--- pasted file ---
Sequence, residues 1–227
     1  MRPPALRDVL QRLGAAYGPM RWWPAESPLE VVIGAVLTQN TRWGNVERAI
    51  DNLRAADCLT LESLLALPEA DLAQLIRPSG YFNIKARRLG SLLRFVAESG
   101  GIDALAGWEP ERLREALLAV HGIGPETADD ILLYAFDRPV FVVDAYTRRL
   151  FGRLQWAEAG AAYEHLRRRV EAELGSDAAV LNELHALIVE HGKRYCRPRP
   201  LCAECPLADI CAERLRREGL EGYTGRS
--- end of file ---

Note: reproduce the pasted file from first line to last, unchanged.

Sequence, residues 1–227
     1  MRPPALRDVL QRLGAAYGPM RWWPAESPLE VVIGAVLTQN TRWGNVERAI
    51  DNLRAADCLT LESLLALPEA DLAQLIRPSG YFNIKARRLG SLLRFVAESG
   101  GIDALAGWEP ERLREALLAV HGIGPETADD ILLYAFDRPV FVVDAYTRRL
   151  FGRLQWAEAG AAYEHLRRRV EAELGSDAAV LNELHALIVE HGKRYCRPRP
   201  LCAECPLADI CAERLRREGL EGYTGRS